Tag Archives: Marriage


I was a lot slimmer in 1956

We started going into supermarkets separately when we were first instructed not to shop in groups but to shop singly. I asked a Tesco manager ‘What about the aged? Oldies like us?’. ‘It’s fine,’ he said, ‘Don’t worry. It’s not meant for couples like you.’

But Josh said he didn’t want the hassle of being told off by an officious security guard and now we find it’s a good thing having separate lists. We cook on alternate days and often want very different ingredients, so this new arrangement works fine.

Except we often arrive at the checkout at the same time.

‘Are you together?’, the cashier asks as we combine our trolleys. ‘We have been for 65 years,’ I gloat.

The response varies from ‘Really. 65 years? How fantastic,’ to ‘Amazing. And you’re still married?’

It’s as if it’s strange for people to stay married!!

When we were young, the only divorced person we knew, well not ‘knew’ but ‘knew of’, was Wallis Simpson – and what a scandal that all was!! For my generation, ‘Till death do us part’ meant just that!!

And couples all got married. I can remember the first time a neighbour said her daughter had moved in with her boyfriend, and how shocked I was. I wasn’t shocked at the idea of her daughter living in what was then sin, but that she had told me! In those days you’d be ashamed to admit such a sinful occurrence and there were plenty of ‘shotgun’ weddings, with the ‘bump’ hidden by discrete adjustment of the bride’s wedding dress. And many seven-month babies resulted!!

I really don’t know where all those years have gone – the good and the bad: the joys of our children’s successes, so much more satisfying than our own, and the horrors of their illnesses and accidents – again much more heart-rending than those we suffered ourselves.

Thanks to Boris there will now be a rush to carry out those marriages delayed by COVID-19 – and long may they last!!

To love and to cherish until death do us part.

Read more of Abby’s stories in her memoir ‘Woman in a White Coat’ and her previous posts Abby’s Tales of Then and Now. You can Look Inside on the Amazon site and get a taster for free. ‘Woman in a White Coat’ is £2.99 for the Kindle version and £9.99 in paperback. ‘Abby’s Tales of Then and Now’ is £2.99 for the Kindle version and £12.99 for the 7” x 9” paperback. Both are illustrated in colour.

Woman in a White Coat


As soon as I turned seventeen, the pressure was on. This was long before Computers or Internet Dating, and my mother started to worry that she’d have to find a Shadchen (a matchmaker) if, like a nice Jewish girl, I was to get married and have a big family. But despite my mother’s fears, all I needed was the nerve.

In my early teens, eager to meet handsome young men, I got myself booked into Guy’s Hospital Dental School to have my teeth seen to. I never actually got off with any of them, and I certainly never knew why I had the professor and a crowd of students around me when a new junior student took over my treatment.

I was now a senior dental student myself and treating my favourite patient. He was an elderly man who had a fund of brilliant stories of Times Gone By. He kept me in gales of laughter – in between me trying to get on with filling the many cavities in his teeth.

I’d had odd twinges of toothache in a lower premolar, but when I consulted our very misogynistic professor, he said he could find no cause for my pain and that I was just another hysterical young woman student. But now I had a throbbing pain in my tooth that seemed to be bursting out of my head. I’d never experienced anything like it. If you’ve ever had really bad toothache you will know what I mean. It was almost unbearable.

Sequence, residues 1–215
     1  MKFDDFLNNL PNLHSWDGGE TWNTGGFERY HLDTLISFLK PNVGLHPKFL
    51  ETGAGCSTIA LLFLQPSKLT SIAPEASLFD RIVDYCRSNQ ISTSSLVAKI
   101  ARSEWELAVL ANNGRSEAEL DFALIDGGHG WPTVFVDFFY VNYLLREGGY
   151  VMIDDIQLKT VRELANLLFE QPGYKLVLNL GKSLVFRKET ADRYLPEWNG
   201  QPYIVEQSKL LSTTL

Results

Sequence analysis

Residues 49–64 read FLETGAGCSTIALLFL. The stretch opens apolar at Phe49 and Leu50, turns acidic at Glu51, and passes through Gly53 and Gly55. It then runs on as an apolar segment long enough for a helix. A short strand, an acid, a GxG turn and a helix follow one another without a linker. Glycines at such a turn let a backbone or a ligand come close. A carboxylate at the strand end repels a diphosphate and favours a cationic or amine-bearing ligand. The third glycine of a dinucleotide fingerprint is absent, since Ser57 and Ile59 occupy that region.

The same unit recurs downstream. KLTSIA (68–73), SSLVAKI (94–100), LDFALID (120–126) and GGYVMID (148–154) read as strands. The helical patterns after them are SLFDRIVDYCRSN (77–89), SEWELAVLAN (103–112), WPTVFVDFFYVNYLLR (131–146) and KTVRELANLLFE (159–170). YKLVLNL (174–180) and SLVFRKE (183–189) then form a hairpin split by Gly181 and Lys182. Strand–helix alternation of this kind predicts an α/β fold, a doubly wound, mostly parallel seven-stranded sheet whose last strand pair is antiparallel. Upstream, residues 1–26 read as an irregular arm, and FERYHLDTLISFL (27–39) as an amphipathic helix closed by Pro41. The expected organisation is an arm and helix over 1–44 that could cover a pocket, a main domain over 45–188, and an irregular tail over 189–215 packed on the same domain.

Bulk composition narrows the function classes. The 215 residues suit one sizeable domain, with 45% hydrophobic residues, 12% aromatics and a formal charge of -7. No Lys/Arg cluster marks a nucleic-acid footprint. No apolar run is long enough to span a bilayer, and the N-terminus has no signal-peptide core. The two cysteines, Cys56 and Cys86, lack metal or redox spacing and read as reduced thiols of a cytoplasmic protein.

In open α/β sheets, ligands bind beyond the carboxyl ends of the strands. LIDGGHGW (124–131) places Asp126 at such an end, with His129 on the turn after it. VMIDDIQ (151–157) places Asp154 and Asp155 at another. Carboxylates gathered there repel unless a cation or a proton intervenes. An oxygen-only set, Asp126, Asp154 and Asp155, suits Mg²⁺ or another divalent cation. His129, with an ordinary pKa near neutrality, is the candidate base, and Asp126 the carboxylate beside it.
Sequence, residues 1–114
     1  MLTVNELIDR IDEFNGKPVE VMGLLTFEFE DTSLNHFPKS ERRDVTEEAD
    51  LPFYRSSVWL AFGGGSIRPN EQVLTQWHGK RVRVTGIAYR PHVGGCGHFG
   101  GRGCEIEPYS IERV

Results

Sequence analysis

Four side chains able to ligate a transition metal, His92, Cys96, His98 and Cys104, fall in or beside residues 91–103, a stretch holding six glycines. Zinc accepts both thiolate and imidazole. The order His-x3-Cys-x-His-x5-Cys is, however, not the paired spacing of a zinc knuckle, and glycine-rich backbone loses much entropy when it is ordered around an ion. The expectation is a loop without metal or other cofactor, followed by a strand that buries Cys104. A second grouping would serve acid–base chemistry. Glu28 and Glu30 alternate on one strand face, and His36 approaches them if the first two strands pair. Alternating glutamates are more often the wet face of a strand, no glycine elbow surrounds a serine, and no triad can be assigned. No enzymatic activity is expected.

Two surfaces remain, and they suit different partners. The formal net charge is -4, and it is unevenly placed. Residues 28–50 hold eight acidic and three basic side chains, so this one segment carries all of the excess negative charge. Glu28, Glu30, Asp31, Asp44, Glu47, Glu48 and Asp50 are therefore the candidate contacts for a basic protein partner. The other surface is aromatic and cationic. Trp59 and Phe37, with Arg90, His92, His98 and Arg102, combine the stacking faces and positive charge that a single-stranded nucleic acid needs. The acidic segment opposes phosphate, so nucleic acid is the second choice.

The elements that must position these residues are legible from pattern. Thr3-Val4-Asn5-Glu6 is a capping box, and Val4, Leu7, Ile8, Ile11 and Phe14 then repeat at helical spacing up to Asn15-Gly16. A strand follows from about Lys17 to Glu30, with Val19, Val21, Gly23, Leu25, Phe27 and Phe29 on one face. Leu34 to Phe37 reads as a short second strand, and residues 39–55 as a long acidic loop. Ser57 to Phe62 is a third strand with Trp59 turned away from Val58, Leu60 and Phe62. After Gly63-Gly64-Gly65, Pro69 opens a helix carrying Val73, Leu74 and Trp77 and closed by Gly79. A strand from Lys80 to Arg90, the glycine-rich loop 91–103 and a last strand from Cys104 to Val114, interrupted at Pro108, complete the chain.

I apologised to my patient and said I’d have to put in a temporary filling. I just couldn’t go on.

He tried hard, but he couldn’t help grinning.

‘Don’t worry, my dear,’ he said. ‘You get yourself seen to. Good to have an excuse to come and see you again.’

The pain had subsided a little and I was able to bid him goodbye.

I didn’t know the on duty house surgeon very well, but I knew he had the reputation of being very skilful but with a sharp tongue. I expected him to be as scathing as my professor.

By now the pain had simmered down a bit. I went up to him and asked him to look at my tooth, explaining that the prof had been unable to find the source of my fleeting pain.

In very little time, he established that a right lower premolar, which had a small filling in it, was the source of my raging toothache. The very junior student at Guy’s Hospital, who’d treated me all those years ago, had drilled too deep and exposed the nerve in the centre of the tooth – hence the crowd around me, watching the exposed nerve being capped off. It had lain dormant for years and was now finally giving trouble.

The house surgeon gave me an injection, removed the inflamed nerve and arranged to complete the root filling when it had settled down.

Having made a further appointment, he asked me if I’d like to come to the cinema that weekend to see ‘Les Enfants du Paradis.’

The rest is history. Now, four children and four grandchildren later, Josh and I have been married the best part of 64 years.

Josh as a very handsome young dental student (not me – another student in his dental chair)

Josh as a very handsome young dental student (not me – another student in his dental chair)

I thank all you lovely people who wrote and commented on my memoir ‘Woman in a White Coat.’

‘Woman in White Coat – the memoir of girl growing up the East End making good.

I thank all you lovely people who wrote and commented on my memoir ‘Woman in a White Coat.’

About ‘Woman in a White Coat’

Buy it on Kindle at £2.99 or as a paperback on Amazon at £9.99